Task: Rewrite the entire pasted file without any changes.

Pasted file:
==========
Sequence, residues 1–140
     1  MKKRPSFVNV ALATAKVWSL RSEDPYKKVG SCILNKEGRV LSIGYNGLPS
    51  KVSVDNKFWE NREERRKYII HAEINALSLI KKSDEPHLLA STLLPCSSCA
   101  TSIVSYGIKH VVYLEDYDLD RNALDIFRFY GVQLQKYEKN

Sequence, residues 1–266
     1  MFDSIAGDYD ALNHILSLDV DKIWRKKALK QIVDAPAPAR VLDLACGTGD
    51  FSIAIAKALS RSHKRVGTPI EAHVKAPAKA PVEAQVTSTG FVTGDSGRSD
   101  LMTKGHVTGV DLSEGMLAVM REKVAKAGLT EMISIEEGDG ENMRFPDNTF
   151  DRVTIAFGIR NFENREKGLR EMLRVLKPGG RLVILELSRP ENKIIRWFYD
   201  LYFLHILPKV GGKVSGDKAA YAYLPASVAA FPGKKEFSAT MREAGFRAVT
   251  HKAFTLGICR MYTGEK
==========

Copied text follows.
Sequence, residues 1–140
     1  MKKRPSFVNV ALATAKVWSL RSEDPYKKVG SCILNKEGRV LSIGYNGLPS
    51  KVSVDNKFWE NREERRKYII HAEINALSLI KKSDEPHLLA STLLPCSSCA
   101  TSIVSYGIKH VVYLEDYDLD RNALDIFRFY GVQLQKYEKN

Sequence, residues 1–266
     1  MFDSIAGDYD ALNHILSLDV DKIWRKKALK QIVDAPAPAR VLDLACGTGD
    51  FSIAIAKALS RSHKRVGTPI EAHVKAPAKA PVEAQVTSTG FVTGDSGRSD
   101  LMTKGHVTGV DLSEGMLAVM REKVAKAGLT EMISIEEGDG ENMRFPDNTF
   151  DRVTIAFGIR NFENREKGLR EMLRVLKPGG RLVILELSRP ENKIIRWFYD
   201  LYFLHILPKV GGKVSGDKAA YAYLPASVAA FPGKKEFSAT MREAGFRAVT
   251  HKAFTLGICR MYTGEK